Create a user-generated contest in which the sub-16-year-olds tell you why they should be a “16 Under 16 Pass” recipient. That has the makings of a story. That has a “why.”
You leave a bit of lift ticket revenue on the table in the fast lane, but you are grooming your future customers who will be “monetized” for decades (if your product is good). And, you still get to make margin on:
And, parents’ apres revelry.
Skiing is only really fun if you’re privileged to get reps. Look at the magic carpet or bunny hill at your resort. Those people—young and old—on short skis with instructors coaching them off the chairlift want to try skiing. They’re hopefully having fun, but they aren’t hooked (yet). It’s cold, their boots are uncomfortable, falling sucks and unwinding your legs and skis after a pretzeled wipeout is awkward.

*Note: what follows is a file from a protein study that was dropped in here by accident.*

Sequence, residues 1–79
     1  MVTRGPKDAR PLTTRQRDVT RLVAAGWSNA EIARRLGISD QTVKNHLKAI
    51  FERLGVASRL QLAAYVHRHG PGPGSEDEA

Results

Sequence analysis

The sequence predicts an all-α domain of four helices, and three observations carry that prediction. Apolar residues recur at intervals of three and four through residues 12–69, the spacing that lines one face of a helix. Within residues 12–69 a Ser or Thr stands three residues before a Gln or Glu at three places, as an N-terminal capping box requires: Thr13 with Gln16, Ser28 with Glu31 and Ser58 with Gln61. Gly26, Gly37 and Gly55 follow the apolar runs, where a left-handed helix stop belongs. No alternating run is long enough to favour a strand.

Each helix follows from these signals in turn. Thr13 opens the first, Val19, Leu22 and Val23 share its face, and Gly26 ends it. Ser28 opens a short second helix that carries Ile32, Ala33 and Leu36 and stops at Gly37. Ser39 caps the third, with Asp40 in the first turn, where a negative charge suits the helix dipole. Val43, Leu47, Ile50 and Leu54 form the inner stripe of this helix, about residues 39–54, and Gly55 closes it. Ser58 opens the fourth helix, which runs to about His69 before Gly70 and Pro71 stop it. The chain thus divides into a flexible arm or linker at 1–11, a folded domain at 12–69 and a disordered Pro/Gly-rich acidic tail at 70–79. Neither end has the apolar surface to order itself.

But, what happens if skiing resonates with them? What if we encourage them to try again and again and again without breaking the bank?
Those return visitors are the foundation we build upon. That repetition is what earns us—lifelong skiers, ski pros and ski-industry folk—the right to ask them to spend on spendy lift tickets. The reps beget passion, the passion begets prioritization.
What did Howard Schultz say at Starbucks? Something like: “Lead with the heart and the wallet will follow.”
The “16 Under 16” idea came from Austria, like all good things in skiing!